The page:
No matter how deplorable or degenerate his intentions, punishing Bonehill-Paine for his opinions is a direct affront to a tolerant and free society. The prosecutor, Philip Stott, maintained that ‘we have a right to freedom of expression’, but meekly added that ‘it is not, however, an absolute right’. Freedom of expression should be ‘limited to protect the rights of others, including the right not to be harassed with racial abuse’, he said.

Stott is wrong. Free speech is absolute – it crumbles when you qualify it. That’s not to say that we shouldn’t sympathise with Berger.



The judge condemned Bonehill-Paine in order to discourage other anti-Semitic fascists from airing their views. But allowing vicious bigots like him to air their views, and challenging them in public, is a far better way to fight anti-Semitism. In fact, censorship only gives people like Bonehill-Paine notoriety. Following his conviction, Bonehill-Paine stated: ‘I am really pleased… with the media that [it] will bring.’ And every time someone like him is put in jail, another narcissistic web provocateur is inspired to pick up where they left off.

Bonehill-Paine has little in common with Raif Badawi, the Saudi dissident blogger who was arrested in 2012, imprisoned, and later sentenced to 1,000 lashes. While Badawi bravely dared to question the authoritarian regime in which he lived, Bonehill-Paine expressed anti-Semitic bigotry. But both were convicted for expressing unpopular views, and the fate of both men should send a shiver down the spine of all those who believe in free speech. Some may argue that Bonehill-Paine’s conviction signalled a victory against bigotry. In truth, it was a victory for censorship.


I was quite interested to read one of the comments from a Jewish reader.


In addition to all the principles stated by others above, there is a practical reason in favour of absolutely free speech. If somebody hates me, and especially if that somebody calls for violence against me, I want to know about it. Prohibiting the hate speech will only create an illusion of safety that may prove deadly.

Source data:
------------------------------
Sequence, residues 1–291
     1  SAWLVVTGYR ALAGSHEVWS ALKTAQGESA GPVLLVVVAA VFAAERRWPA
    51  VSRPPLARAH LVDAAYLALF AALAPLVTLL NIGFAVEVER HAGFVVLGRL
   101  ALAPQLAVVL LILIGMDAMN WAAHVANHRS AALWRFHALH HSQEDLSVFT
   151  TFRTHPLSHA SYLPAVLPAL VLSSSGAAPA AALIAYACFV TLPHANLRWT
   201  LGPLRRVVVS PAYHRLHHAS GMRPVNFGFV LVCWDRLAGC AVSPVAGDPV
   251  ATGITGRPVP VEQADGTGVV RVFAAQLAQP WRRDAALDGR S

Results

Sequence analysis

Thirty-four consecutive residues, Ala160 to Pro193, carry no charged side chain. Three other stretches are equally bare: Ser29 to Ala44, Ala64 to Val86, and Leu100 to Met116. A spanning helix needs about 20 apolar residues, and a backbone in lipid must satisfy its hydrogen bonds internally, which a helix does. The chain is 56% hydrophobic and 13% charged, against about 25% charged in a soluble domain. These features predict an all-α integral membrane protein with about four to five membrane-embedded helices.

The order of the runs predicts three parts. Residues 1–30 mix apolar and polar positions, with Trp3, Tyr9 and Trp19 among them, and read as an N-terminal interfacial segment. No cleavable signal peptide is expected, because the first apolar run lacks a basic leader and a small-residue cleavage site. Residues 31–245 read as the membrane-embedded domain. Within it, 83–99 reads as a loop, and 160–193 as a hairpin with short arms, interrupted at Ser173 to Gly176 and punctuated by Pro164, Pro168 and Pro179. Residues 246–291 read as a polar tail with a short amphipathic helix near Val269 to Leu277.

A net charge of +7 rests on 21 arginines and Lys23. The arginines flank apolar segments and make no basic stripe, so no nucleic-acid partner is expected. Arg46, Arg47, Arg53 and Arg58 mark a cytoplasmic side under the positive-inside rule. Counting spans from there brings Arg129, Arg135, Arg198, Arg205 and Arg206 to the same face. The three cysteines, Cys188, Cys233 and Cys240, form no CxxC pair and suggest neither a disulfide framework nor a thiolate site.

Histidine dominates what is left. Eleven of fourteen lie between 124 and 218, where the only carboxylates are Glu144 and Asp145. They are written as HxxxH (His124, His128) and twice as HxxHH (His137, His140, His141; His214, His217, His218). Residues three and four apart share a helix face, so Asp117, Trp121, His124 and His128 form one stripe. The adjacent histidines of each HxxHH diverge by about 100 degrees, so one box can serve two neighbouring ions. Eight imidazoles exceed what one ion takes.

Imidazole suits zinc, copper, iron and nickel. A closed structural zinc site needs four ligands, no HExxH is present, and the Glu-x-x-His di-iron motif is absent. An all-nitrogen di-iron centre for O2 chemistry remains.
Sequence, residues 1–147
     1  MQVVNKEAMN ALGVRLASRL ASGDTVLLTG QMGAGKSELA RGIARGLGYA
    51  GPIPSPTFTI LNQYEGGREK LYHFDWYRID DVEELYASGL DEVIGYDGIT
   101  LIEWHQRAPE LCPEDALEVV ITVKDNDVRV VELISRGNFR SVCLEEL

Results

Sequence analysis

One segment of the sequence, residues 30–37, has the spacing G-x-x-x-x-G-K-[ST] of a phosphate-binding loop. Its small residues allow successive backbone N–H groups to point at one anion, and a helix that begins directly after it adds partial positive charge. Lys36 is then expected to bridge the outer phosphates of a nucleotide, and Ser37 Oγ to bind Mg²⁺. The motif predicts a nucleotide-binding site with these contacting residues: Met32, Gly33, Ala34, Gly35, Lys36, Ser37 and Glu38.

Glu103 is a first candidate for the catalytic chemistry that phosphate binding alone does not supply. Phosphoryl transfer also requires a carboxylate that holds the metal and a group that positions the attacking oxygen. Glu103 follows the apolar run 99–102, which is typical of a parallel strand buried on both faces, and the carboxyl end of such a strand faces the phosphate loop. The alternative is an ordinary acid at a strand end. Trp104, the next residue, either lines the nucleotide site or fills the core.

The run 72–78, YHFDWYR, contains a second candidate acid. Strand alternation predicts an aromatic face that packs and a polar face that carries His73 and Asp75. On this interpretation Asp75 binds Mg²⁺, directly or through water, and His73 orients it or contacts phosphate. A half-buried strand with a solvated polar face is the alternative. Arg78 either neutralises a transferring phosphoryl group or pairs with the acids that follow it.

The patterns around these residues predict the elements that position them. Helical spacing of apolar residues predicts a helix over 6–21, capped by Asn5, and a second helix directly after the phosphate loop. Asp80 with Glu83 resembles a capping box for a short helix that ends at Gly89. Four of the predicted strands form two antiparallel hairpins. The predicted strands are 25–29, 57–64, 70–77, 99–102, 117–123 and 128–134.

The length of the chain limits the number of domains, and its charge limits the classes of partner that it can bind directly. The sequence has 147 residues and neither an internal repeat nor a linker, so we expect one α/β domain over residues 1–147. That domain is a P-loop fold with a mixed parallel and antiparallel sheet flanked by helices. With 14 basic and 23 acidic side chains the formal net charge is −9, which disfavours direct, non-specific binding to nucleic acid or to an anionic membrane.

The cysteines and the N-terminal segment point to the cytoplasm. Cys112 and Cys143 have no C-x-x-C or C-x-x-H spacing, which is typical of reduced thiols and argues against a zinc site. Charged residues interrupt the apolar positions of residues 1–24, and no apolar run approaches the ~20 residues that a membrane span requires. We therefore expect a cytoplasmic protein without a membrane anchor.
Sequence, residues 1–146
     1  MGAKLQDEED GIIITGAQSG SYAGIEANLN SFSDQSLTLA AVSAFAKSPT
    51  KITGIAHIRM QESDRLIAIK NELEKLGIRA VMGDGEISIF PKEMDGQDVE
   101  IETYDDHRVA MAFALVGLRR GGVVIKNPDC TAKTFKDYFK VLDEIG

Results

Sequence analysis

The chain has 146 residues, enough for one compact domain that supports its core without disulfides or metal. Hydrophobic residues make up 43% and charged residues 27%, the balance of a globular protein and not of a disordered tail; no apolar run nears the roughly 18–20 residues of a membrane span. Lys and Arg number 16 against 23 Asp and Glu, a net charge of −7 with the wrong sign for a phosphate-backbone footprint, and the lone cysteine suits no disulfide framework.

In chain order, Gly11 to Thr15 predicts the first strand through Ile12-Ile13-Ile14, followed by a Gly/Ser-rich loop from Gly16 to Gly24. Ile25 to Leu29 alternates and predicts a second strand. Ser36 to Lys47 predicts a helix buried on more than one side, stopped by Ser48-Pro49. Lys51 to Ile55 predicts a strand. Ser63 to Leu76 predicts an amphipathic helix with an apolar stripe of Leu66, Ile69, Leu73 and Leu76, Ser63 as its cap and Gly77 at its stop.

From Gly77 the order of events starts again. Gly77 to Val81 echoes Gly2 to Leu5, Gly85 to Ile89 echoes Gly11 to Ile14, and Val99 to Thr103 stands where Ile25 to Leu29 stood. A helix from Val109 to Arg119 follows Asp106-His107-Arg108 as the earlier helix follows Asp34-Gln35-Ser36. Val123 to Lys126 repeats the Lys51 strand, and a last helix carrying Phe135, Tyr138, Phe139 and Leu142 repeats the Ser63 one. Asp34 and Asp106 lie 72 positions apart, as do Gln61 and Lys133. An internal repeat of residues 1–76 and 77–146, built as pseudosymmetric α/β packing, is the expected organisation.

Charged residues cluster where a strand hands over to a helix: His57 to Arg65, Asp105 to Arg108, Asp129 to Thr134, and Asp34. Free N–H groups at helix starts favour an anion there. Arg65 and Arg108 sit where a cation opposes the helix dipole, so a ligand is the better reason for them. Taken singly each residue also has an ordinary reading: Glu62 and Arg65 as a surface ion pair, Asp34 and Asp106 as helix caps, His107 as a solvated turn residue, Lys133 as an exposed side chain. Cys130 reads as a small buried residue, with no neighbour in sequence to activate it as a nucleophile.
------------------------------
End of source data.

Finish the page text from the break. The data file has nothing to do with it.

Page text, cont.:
I want antisemites to speak freely so that I know whether they are mainstream or marginal. If marginal, I can afford to ignore them. If they ever become mainstream I am in danger and should act accordingly. Prohibiting their hate speech will deprive me of the necessary information.


As a homosexual male I have been confronted with bigotry, prejudice and hate in the past. I most certainly agree with this Jewish gentleman. Censoring hateful speech drives it underground to fester and grow unchallenged. It also deprives us of seeing, knowing and the opportunity to challenge and dent hateful ideology.

Wikipedia

We must defend free speech, even for anti-Semites




posted on Dec, 21 2016 @ 10:25 AM
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Unless you are actively calling for the public to attack or murder or actively inciting hatred towards a group, speech whether written or verbal should indeed be free. If its a call to arms, a demand for extermination etc shut 'em down

Either way there's going to be a lot more of this shortly with the new Snoopers Bill



posted on Dec, 21 2016 @ 10:28 AM
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"To learn who rules over you, simply find out who you are not allowed to criticise." - Unknown.

And here we have it.

The death of free speech in the U.K.

God aren't we all glad that Thatcher 2.0 is in charge.
We really dodged a bullet.


It starts with anti-Semitism of course, because why not.

Who knows where it will lead.



posted on Dec, 21 2016 @ 10:29 AM
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a reply to: Morrad

No, absolutely not. Jail? No.

He should not be allowed on the soil of this country, but he should absolutely not go to jail. I do not want to pay for that disgusting bastards lunch.



posted on Dec, 21 2016 @ 10:59 AM
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a reply to: TrueBrit

You being a Brit I would have thought that sending him to Australia may have actually been a law on the books .



posted on Dec, 21 2016 @ 11:05 AM
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originally posted by: TrueBrit